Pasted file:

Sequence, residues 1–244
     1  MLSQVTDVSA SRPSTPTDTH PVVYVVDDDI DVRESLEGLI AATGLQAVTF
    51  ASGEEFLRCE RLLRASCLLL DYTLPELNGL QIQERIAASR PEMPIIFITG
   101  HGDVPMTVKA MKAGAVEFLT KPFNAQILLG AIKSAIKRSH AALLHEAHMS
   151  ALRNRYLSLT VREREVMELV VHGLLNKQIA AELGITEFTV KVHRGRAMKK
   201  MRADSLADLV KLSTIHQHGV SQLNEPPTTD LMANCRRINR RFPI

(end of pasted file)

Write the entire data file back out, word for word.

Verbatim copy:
Sequence, residues 1–244
     1  MLSQVTDVSA SRPSTPTDTH PVVYVVDDDI DVRESLEGLI AATGLQAVTF
    51  ASGEEFLRCE RLLRASCLLL DYTLPELNGL QIQERIAASR PEMPIIFITG
   101  HGDVPMTVKA MKAGAVEFLT KPFNAQILLG AIKSAIKRSH AALLHEAHMS
   151  ALRNRYLSLT VREREVMELV VHGLLNKQIA AELGITEFTV KVHRGRAMKK
   201  MRADSLADLV KLSTIHQHGV SQLNEPPTTD LMANCRRINR RFPI